Fake Christmas Trees Can Be Re-Used
According to what I’ve read, if you use your artificial Christmas tree for six to nine years, you’re neutralizing the amount of carbon emissions used to create that tree. That’s a solid upshot. If you buy one artificial tree and then use it for a decade or more, that’s good for the environment.
But what happens when you no longer need or want that specific tree? You can donate it to a charity shop like Goodwill and it may have a new life at someone else’s house via that sale, but what if it doesn’t? Or what if it breaks while being transported? It will end up in a landfill. And we all know that plastic does not fully degrade for hundreds of years.
Real Christmas Trees Create Oxygen and Absorb Carbon Dioxide
I’ve read that, every year, one acre of real Christmas trees absorbs almost 500 pounds of carbon dioxide. Similarly, that same acre will create about 1000 pounds of oxygen. That’s amazing!
But if you buy a real Christmas tree, aren’t you supporting the end of that environmentally friendly tree? Not really. On tree farms across the U.S., there are 350-500 million trees growing but only 30 million are cut down annually. That still leaves a huge surplus of live trees to clean the air and produce oxygen. So overall, buying real Christmas trees helps clean the air and support a healthier environment.
Real Christmas Trees Support Local Tree Farmers
If you buy a live Christmas tree, you’re supporting a local farmer who may otherwise sell his or her land for development. So, keeping farmers in business not only helps the environment but also the local economy. The money stays local or at least within a region instead of going to China.
Real Christmas Trees That Are Sold Are Usually Replaced
According to the National Christmas Tree Association, tree farmers usually plant 1-3 seedlings for every tree cut and sold. That actually ensures the cut tree is not only replaced, but the farm itself may expand with more trees grown.
Real Christmas Trees Are Compostable
While many cities offer Christmas tree pick up and composting services, some cities don’t. Regardless, real Christmas trees can still be composted in one’s backyard. The branches can be cut off and laid over dormant perennial beds to protect plants. Trunks can be cut up and used for firewood or chipped and used for mulch. Or they can be left whole to edge garden beds.
Some folks worry that the needles will acidify their soil, but from what I’ve read, the pH of the needles neutralizes once in the soil. They just have a waxy coating that prevents them from breaking down quickly.
So after doing this research, I’ve realized the best thing for the environment, hands down, is to buy a real Christmas tree every year. There may be a risk of pesticide residue on the cut trees, but I think that’s a small price to pay compared to the positives. Plus, I’m sure there are organic tree choices if not entirely organic farms. Even though they can be expensive, real trees support local farmers and a cleaner earth. And that idea makes me merrier during the holiday season.
I’ve been thinking about how to be resilient this weekend, how to bounce back from challenges and setbacks. On one day, you encounter obstacles and the stresses of life. Stuff that’s important that may not work out. Important stuff. So what helps us recover? Talking with friends. The support of a loving spouse. Even a neighbor’s kind words can change one’s whole outlook. When I noticed this quote from Robert Jordan, I realized I needed to be more like a willow tree and not an oak so that I could bend with the wind when life gets stormy.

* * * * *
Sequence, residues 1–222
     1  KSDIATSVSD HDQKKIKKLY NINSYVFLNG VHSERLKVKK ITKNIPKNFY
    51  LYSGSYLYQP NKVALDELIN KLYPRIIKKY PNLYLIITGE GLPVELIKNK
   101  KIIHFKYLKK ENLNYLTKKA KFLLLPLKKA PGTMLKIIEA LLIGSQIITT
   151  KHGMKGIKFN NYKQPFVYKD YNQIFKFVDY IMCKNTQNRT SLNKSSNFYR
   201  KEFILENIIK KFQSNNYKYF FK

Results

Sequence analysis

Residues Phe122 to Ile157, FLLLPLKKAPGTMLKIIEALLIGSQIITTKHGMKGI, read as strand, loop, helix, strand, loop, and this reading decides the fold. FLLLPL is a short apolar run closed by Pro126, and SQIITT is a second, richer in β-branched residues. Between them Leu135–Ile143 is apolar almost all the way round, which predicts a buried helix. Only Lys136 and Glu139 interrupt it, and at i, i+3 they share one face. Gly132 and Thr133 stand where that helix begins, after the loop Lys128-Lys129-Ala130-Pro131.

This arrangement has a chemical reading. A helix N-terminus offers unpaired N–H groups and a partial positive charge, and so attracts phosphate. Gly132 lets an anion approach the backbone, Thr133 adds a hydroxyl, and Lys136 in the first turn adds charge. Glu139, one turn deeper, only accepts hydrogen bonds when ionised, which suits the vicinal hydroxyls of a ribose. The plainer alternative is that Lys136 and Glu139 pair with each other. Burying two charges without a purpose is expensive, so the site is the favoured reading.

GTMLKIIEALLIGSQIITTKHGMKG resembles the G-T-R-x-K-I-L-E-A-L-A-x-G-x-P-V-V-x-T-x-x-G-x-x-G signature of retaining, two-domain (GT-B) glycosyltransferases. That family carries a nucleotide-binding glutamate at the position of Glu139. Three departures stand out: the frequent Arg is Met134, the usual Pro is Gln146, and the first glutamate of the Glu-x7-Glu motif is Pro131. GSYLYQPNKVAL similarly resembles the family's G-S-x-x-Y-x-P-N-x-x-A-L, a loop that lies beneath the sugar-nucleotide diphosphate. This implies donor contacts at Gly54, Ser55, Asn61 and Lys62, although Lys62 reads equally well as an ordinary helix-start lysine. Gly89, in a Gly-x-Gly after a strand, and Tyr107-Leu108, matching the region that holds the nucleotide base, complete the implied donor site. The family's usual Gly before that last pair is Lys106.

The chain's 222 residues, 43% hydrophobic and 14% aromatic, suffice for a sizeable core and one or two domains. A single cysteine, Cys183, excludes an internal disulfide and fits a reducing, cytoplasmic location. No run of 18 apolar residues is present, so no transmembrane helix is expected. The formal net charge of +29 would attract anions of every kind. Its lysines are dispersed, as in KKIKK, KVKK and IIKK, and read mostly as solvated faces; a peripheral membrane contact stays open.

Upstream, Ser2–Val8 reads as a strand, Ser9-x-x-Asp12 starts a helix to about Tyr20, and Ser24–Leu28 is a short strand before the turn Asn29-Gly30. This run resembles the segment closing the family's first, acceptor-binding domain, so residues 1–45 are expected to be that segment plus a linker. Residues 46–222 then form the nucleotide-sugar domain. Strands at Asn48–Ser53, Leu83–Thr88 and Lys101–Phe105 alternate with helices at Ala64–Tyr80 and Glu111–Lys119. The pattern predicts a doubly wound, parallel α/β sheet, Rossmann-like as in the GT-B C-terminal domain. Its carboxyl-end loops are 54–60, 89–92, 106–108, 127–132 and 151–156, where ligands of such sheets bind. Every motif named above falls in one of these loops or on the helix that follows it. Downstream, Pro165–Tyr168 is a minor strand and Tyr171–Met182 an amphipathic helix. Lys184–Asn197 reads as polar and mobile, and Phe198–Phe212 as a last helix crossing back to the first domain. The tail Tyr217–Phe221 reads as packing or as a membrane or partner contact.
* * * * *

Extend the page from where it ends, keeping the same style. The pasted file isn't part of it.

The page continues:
The oak fought the wind and was broken, the willow bent when it must and survived.–Robert Jordan
Along the back fence of my garden I have a tricky spot. A dry woodland border of sun that’s tucked under fir trees. The ravine behind the fence slopes up and the fence intersects where the wild woodland ends and my cultivated area begins. So it’s the edge of a woodland, but sunny, and hot. Very very hot. The soil is sandy and drains instantly. Growing plants there has been difficult.
Sandy Acidic Soil in Full Sun
Normally, we Northwest gardeners don’t mind soil that’s sandy or acidic. It’s better than clay or heavy silt. Sand means well draining, acidic means we can grow the usual native rhododendrons, pieris, and camellias. Even hydrangeas. But those shrubs are usually tucked into the woodland and receive some shade. Not this border. It’s on the edge of a native woodland but facing full-on southern sun all day.
A False Start
At first, years ago, I started off thinking I’d plant a tropical woodland. I wanted big leaved plants that I could see from far away on my patio. So I planted a ‘Teddy Bear’ magnolia, acanthus, and cannas. They loved the sun but the problem was the soil dried out too soon. I added compost and amended the soil. But, when it rained, because they were canopied by fir trees, they received little natural water. The compost didn’t hold enough moisture, even in rainy winter. The border was a problem. A big problem.
So I took a different approach. I planted a more California-type of garden, what grew in the dry areas of sunny zone 9. Cistus, lavender, ceanothus, sedum, even penstemon. I tried redtwig dogwood and boxwood hebe for structure. It was a mild success. But moles moved in and created a huge network of tunnels around the shrubs and perennials, creating air pockets and weakening the plants. The cistus died from those air pockets, the penstemons leaned and reached for the light. Some plants lost foliage.
How to Garden Despite the Wildlife
I let the moles be. Well, that’s not totally true. I put poison worms in some of their tunnels. Some died and I think one has moved to my sunny island bed, I’m not sure. Regardless, I try to garden on despite it all, despite these little creatures working against me. Not long after the moles moved in, I noticed a rabbit constantly near or in the bed. It was adorable, true. But I’m sorry, the little rabbit, while cute, was a pain. It chewed on some plants and the destruction sometimes depressed me.
For instance, when a new purple-leafed ninebark (physocarpus) established itself, a mole came in, tunneled around, and weakened it. There was sudden leaf die off at the branch tips. It struggled. I’ve since pruned and have rearranged the soil around it. One thing, maybe good or bad, was one of my dogs got to the rabbit and it perished.
So this year, I’m going to add more compost and put in replacement plants that died. Someone on a plant group mentioned manzanita (arctostaphylos) and that coastal native might be a good addition. I’m also thinking salvia, I’m thinking more sedums. We’ll see how my little dry woodland border does this summer. I hope for the best. It would be satisfying, after all of this effort and thinking, to see a healthy, happy collection of plants from my patio.